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Community, meet Privacy.

Community managers, we need to have a collective conversation about privacy.

When was the last time you actually read a privacy policy? Most folks click through privacy and security policies, or get annoyed by them.

Privacy is and should be an important, accessible, transparent journey the community member wants to go through. There is an opportunity to engage people on a social and cultural level, rather than simply just a legal and compliance one.

Online communities allow us to interact in nuanced and creative ways and are strongly linked to our physical and emotional identity. Our online behaviors represent an authentic and curated impression of who we are. Therefore, designing privacy in community experiences protects your members digital selves.

As as community manager, have you thought about how you guard the data in your community? Communities may become more regulated in the future, so get ahead of the curve now and start to build privacy into your community from the ground up and have it inform your decision making and what you ask from the community.

When we ask people to sign up and engage in our communities, we are asking for pieces of them. Personal data and attributes that should be handled, managed and understood with the utmost care.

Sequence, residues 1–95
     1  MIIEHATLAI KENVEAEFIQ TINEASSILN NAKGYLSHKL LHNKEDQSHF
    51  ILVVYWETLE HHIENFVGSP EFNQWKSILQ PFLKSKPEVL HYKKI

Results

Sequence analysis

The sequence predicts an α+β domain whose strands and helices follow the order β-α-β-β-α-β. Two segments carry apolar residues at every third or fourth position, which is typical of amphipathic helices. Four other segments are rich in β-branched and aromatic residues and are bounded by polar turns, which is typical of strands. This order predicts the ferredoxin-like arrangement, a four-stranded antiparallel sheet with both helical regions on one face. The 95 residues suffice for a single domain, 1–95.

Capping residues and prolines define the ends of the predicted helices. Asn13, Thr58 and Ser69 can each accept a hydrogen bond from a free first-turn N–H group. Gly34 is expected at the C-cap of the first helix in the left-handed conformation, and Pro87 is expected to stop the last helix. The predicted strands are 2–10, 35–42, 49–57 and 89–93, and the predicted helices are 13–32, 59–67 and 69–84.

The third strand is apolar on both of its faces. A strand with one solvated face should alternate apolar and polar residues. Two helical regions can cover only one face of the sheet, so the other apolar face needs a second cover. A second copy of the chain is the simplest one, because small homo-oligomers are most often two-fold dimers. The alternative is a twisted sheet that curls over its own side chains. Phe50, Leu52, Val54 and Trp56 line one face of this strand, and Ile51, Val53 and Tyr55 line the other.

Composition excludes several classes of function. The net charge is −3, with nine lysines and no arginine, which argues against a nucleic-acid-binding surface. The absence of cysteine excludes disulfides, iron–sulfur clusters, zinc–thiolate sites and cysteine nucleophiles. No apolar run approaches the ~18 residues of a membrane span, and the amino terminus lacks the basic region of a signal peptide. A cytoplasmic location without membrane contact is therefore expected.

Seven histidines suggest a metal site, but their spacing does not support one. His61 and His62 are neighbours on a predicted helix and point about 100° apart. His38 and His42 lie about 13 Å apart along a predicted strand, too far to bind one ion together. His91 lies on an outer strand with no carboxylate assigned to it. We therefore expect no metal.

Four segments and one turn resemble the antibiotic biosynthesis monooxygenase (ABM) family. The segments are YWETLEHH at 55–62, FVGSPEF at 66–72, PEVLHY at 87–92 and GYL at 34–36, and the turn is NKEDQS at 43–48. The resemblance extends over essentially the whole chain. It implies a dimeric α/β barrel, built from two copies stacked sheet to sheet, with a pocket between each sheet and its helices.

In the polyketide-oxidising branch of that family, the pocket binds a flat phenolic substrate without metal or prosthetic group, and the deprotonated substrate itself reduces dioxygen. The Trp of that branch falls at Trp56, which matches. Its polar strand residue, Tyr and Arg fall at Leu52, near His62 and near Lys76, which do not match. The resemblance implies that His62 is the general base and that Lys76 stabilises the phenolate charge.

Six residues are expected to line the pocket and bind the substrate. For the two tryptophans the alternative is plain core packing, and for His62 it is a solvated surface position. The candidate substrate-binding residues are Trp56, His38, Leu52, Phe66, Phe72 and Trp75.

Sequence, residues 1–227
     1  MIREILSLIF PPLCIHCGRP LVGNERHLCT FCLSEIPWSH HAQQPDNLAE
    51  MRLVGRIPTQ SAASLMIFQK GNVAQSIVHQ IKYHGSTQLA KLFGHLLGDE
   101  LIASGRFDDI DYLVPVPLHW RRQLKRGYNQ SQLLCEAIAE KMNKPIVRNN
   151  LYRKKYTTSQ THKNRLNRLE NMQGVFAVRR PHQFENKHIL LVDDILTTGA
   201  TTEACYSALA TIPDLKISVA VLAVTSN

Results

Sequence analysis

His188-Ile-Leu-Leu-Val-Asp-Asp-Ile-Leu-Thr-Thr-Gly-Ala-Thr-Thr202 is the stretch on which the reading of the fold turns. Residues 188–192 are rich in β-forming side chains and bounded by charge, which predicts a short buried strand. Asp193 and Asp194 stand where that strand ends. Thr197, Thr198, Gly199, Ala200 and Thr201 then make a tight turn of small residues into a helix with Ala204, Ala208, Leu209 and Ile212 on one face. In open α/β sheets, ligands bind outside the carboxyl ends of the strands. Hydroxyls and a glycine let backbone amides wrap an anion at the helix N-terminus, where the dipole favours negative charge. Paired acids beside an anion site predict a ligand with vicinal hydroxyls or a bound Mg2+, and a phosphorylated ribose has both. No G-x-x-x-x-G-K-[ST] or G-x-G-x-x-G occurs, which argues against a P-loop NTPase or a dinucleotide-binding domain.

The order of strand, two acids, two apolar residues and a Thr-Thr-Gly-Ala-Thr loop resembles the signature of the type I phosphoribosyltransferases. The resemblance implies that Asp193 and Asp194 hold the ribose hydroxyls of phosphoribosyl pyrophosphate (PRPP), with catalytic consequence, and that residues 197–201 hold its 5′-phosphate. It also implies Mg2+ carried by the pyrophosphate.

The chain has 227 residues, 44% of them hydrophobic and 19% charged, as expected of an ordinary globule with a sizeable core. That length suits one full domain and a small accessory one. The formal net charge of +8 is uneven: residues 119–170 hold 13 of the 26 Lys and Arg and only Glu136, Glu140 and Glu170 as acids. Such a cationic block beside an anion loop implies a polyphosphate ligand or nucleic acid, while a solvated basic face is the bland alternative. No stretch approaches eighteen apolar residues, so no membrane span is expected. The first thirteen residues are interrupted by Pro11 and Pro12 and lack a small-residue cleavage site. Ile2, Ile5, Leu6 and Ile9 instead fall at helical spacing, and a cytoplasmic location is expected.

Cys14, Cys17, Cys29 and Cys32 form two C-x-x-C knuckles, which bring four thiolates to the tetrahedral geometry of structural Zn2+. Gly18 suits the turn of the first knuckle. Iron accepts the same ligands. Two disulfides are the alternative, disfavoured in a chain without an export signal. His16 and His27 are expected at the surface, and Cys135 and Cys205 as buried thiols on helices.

A community that respects the users privacy is a community that is committed to helping users get the most out of their digital and community lives, while minimizing harm and risk to them.

We need to design communities to be privacy-first. Our communities are designed to draw as much participation and information out as possible from our members — for “engagement”. Is this ethical? To design our communities, programs and rewards to entice our users to constantly remained engaged, plugged in and draw out information?

“Guarantees of privacy must be established in any stable social system.” (Schwartz 2968:742)

The freedom to create an identity in an online community is the essence of privacy; in that members have the ability to develop and curate a digital portrait that reflects their personal preferences .While all of this sharing may help communities, it can destroy privacy.

Too much public information can and will present obstacles when circumstances change or with bad actors. People will be more willing to really connect, increase knowledge and understanding if they are safe. Communities should harness privacy to build a culture of contribution built on genuine commitment to human values.

Community value comes from the group members coming together and creating connections and dependencies with one another. Togetherness and sense of belonging is important for the community as well as the individuals identity and unity in relation with each other. Relationships in your community rely on mutual knowledge of each other and an exchange of information. To do so, it is necessary that they reveal parts of themselves.